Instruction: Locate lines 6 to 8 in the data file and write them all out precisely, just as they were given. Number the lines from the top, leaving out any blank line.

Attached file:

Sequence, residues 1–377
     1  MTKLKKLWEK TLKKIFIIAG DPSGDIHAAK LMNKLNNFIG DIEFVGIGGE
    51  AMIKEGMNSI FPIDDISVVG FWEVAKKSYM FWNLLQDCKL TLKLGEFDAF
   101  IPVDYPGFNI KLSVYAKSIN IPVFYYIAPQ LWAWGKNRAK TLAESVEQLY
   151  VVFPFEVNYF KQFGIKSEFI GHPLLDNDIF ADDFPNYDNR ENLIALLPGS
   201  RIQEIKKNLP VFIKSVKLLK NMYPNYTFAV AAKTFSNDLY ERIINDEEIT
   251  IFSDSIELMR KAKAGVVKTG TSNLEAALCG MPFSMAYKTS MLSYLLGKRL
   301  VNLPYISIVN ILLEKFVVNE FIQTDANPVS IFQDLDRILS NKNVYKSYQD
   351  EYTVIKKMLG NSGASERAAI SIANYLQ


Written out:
   201  RIQEIKKNLP VFIKSVKLLK NMYPNYTFAV AAKTFSNDLY ERIINDEEIT
   251  IFSDSIELMR KAKAGVVKTG TSNLEAALCG MPFSMAYKTS MLSYLLGKRL
   301  VNLPYISIVN ILLEKFVVNE FIQTDANPVS IFQDLDRILS NKNVYKSYQD